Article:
Taxes have long been used by policy makers to try and impact behaviors. But some lawmakers now are looking at taxes through the prism of health disparities and acknowledging the affordability gap for everyday health-related products.
The Washington Post’s Aaron Davis recently wrote about efforts to end so-called “tampon taxes” in another tax fight revolving around inequity. Some city legislators in Washington want to exempt feminine hygiene products – and diapers – from the city’s sales taxes, following on such efforts in California as well as New York. Continue reading
Want to stay healthy as you age? Move to Minnesota. Or perhaps Hawaii. These states rank number one and two in a new report on the health status of women. Minnesota was tops in the nation with an “A-“ on a composite index of women’s health and well-being, according to research compiled by the Institute for Women’s Policy Research.
The North Star State has the lowest female mortality rate from heart disease and ranks in or near the top ten almost all of the other nine component nine indicators covering chronic disease, sexual health, mental and physical health.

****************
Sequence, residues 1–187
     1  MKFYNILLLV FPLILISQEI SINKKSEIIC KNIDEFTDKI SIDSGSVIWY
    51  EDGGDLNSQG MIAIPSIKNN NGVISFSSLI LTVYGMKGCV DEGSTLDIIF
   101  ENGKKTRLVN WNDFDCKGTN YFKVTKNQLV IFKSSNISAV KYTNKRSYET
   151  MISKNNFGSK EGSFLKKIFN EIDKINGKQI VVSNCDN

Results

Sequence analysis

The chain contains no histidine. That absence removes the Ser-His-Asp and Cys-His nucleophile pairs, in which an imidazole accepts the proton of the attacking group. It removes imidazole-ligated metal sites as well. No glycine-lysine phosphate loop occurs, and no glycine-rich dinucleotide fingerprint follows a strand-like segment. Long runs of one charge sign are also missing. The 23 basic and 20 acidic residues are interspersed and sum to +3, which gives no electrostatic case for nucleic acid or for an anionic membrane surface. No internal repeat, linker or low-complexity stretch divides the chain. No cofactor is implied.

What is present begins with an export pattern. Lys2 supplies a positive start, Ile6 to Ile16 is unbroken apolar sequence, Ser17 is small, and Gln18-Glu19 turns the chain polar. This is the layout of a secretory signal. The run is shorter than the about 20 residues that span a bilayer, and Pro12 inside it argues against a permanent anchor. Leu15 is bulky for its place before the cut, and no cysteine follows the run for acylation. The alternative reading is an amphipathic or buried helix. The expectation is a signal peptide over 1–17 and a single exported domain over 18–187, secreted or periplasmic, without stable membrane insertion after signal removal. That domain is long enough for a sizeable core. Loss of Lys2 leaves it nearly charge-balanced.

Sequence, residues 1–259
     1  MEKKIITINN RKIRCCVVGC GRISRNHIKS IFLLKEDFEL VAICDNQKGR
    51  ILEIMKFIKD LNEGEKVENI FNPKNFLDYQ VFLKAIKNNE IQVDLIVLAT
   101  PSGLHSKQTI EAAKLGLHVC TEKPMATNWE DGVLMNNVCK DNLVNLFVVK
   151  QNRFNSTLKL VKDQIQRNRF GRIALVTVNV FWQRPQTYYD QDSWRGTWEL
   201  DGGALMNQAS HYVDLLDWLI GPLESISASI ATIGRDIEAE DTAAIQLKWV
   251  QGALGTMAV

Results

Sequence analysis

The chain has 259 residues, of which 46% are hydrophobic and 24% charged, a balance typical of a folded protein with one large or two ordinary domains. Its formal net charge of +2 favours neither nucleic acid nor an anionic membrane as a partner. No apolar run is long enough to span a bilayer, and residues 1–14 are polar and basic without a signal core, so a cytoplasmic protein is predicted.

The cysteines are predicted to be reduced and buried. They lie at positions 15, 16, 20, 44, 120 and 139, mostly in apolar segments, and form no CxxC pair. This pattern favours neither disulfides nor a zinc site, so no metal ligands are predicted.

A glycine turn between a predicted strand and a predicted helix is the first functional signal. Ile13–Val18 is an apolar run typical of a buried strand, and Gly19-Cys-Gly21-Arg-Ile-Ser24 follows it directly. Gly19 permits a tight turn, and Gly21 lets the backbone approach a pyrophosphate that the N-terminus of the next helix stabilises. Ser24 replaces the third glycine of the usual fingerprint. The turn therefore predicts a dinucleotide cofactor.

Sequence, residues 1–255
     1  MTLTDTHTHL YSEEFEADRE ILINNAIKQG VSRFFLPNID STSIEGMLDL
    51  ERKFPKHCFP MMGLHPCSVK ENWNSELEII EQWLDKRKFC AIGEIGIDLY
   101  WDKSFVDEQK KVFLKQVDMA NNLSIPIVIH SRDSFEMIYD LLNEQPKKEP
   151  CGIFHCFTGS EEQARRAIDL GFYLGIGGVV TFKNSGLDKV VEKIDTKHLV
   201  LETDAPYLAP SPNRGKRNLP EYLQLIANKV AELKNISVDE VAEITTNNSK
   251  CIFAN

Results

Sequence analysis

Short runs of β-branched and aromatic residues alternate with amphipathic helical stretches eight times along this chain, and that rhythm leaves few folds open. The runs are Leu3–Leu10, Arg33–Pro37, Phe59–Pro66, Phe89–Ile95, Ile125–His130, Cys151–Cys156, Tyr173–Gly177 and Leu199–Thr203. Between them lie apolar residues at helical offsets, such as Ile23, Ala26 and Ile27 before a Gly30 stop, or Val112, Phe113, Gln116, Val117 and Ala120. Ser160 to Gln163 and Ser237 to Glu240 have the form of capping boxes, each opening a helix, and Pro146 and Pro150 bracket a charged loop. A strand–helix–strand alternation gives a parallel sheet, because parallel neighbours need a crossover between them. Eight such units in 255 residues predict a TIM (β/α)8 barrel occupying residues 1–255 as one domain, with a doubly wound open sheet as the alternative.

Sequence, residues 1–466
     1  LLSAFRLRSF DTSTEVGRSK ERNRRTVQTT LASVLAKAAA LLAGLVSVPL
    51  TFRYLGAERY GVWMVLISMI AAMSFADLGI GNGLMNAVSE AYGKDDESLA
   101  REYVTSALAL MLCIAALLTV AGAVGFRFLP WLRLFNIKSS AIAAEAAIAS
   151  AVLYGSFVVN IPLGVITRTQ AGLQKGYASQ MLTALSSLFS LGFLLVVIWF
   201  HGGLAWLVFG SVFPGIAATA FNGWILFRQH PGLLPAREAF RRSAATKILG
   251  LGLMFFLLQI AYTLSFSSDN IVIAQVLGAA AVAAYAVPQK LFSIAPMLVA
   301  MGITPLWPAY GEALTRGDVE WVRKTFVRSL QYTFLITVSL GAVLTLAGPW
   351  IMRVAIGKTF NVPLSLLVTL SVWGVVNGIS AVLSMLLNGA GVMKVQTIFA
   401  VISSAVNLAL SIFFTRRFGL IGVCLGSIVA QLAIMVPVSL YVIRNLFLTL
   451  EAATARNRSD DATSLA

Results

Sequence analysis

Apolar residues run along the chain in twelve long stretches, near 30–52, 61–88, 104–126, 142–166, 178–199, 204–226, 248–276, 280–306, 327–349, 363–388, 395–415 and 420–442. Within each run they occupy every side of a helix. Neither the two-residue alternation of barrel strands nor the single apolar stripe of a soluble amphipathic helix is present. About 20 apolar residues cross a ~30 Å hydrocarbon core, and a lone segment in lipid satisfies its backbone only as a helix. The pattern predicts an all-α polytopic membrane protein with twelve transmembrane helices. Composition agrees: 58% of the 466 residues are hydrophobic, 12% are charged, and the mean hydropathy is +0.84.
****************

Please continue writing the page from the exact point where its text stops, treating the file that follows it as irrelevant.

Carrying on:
States in the South have the lowest composite scores on women’s health status. Alabama, Arkansas, Kentucky, Louisiana, Mississippi, South Carolina, Tennessee, and West Virginia were rated most poorly, with grades of “F” or “D-.” Continue reading
A new report highlights just how much more likely women are to be affected by dementia than men around the world. Not only are the majority of people living with or at risk of developing the disease female, but women are also the majority of caregivers and health professionals in most countries.
“Women and Dementia: A Global Research Review” from Alzheimer’s Disease International (ADI) calls for a broader, evidence-based approached to female-targeted dementia health programs. The need is particularly strong in low- and middle-income countries, where female-led caregiving is the principal care model. Continue reading
Postmenopausal women who eat foods higher in potassium are less likely to have strokes and die than women who eat less potassium-rich foods according to new research in Stroke, the journal of the American Heart Association.
Stroke is the fourth leading cause of mortality in the United States, and as this infographic shows, women account for 60 percent of all stroke cases in the U.S. Women also have higher lifetime risk of stroke than men.
In this observational study, researchers tracked 90,137 postmenopausal women, ages 50 to 79, for an average 11 years. They looked at potassium consumption, incidence and type of stroke and mortality during that period. The average dietary potassium intake from food —not supplements — was 2,611 mg/day. All participants were free of stroke history at baseline. Continue reading